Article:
Chicago “pysch-pop” band pleasantly heavy on the pop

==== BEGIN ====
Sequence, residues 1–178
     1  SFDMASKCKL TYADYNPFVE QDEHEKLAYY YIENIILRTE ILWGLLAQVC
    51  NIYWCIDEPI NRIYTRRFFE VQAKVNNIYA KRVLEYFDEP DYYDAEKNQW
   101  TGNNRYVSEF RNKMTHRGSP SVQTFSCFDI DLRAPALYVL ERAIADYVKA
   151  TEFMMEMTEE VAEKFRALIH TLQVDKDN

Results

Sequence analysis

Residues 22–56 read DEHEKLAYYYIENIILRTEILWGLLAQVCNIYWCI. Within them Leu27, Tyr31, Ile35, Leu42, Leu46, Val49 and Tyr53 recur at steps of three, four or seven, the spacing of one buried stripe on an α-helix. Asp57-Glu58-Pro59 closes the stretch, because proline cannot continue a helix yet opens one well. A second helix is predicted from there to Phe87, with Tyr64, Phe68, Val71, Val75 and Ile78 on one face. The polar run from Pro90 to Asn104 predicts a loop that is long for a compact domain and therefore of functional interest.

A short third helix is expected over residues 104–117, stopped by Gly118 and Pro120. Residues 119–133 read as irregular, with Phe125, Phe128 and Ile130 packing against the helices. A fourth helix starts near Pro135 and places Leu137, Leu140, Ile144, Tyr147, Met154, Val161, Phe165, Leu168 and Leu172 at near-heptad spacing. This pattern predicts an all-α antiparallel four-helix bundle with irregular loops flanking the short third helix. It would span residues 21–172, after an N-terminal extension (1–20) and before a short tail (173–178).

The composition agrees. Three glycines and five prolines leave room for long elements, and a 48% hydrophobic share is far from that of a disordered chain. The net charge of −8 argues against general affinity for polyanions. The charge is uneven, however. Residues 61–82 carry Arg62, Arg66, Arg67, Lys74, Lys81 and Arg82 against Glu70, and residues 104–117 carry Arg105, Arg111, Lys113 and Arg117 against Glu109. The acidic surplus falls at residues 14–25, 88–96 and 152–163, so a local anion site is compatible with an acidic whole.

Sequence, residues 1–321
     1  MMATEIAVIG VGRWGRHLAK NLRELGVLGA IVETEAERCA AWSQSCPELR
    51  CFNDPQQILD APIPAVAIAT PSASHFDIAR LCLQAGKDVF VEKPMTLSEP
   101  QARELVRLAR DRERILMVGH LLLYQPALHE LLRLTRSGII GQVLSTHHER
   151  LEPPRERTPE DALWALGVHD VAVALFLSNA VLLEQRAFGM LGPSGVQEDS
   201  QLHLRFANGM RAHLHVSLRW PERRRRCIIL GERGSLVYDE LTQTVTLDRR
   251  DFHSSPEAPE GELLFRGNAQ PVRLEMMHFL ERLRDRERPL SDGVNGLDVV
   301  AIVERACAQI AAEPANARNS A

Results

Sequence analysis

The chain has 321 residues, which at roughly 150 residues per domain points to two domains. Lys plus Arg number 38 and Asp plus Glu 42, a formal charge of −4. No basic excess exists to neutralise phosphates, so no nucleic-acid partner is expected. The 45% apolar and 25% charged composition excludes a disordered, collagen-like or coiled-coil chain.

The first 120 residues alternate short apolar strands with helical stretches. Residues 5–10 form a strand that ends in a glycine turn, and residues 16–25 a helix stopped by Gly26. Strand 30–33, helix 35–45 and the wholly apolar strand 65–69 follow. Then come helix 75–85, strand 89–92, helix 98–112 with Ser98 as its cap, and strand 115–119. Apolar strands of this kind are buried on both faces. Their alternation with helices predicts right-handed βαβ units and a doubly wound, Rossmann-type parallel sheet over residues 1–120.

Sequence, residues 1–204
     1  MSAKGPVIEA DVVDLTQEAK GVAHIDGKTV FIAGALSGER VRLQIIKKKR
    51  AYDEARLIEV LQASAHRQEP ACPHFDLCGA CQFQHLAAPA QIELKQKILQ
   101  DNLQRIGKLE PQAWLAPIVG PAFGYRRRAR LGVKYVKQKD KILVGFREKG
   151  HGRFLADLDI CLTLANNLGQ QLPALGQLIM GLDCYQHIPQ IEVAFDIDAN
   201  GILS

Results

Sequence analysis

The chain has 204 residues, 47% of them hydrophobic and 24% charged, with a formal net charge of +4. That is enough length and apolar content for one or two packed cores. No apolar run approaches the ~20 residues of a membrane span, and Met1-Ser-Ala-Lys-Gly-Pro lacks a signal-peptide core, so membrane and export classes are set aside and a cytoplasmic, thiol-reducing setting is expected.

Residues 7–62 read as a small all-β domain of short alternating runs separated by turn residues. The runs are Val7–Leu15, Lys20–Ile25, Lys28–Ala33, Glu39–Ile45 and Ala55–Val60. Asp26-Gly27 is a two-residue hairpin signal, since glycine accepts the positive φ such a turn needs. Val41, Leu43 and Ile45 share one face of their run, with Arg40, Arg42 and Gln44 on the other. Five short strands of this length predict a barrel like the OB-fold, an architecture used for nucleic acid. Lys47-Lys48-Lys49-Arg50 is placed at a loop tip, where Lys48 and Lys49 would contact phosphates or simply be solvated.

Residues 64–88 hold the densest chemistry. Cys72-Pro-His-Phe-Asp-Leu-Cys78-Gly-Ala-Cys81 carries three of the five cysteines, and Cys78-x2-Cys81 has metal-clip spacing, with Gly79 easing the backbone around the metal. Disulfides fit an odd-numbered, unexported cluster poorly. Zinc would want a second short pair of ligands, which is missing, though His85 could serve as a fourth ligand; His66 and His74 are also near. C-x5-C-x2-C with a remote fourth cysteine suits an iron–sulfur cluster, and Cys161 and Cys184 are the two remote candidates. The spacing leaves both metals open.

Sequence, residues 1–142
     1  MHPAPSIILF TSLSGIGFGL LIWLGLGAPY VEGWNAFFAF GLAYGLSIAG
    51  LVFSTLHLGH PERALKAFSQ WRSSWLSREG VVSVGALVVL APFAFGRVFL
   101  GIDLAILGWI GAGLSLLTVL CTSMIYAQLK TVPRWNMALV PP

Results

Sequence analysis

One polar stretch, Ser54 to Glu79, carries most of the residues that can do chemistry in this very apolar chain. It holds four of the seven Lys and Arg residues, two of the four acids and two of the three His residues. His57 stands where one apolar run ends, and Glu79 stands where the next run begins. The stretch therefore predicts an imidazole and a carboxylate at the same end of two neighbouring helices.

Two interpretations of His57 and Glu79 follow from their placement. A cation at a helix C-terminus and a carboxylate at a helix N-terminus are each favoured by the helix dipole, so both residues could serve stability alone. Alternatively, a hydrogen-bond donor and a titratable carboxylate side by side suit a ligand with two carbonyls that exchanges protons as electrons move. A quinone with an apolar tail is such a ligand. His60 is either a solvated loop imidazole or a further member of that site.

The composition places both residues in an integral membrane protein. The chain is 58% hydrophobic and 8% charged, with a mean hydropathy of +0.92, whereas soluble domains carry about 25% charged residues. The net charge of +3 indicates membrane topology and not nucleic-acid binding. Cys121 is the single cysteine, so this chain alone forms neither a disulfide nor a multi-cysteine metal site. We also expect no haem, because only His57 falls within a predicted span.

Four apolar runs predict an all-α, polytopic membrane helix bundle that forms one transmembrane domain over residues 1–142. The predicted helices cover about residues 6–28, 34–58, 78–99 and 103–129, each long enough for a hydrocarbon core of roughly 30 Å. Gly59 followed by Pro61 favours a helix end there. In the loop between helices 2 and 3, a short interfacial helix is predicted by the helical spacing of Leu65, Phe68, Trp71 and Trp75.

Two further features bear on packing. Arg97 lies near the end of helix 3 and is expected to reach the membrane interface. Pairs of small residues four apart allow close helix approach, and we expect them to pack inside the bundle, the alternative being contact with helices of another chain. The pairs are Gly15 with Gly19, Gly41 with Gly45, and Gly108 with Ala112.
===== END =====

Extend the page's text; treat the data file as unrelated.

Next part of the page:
2007 has seen the emergence of two very different bands with very similar names, undoubtedly leading to much post-record-buying gnashing of teeth. Be warned: The 1990s are a Glaswegian rock band, kind of like a crappy version of Franz Ferdinand. The 1900s are a self-described psychedelic-pop septet from Chicago. But for a psych-pop band, they lean awfully hard on the right side of the hyphen: Think The Zombies, not Donovan. On debut full-length Cold & Kind, The 1900s dress up glossy male/female harmonies with stately pianos, swirling chamber strings and horns, and burbling Wurlitzer. The svelte “Georgia” has the breezy, feel-good vibe of ’70s singer/songwriters, while the title track is laced with’60s reverb. But regardless of which decade’s styles they’re pilfering, the band’s deft, romantic melodies are paramount. These are sprightly pop ditties dressed up in regal accoutrements, equally suited to fans of The Shins’ fluffy indie rock and Rufus Wainwright’s musical theater.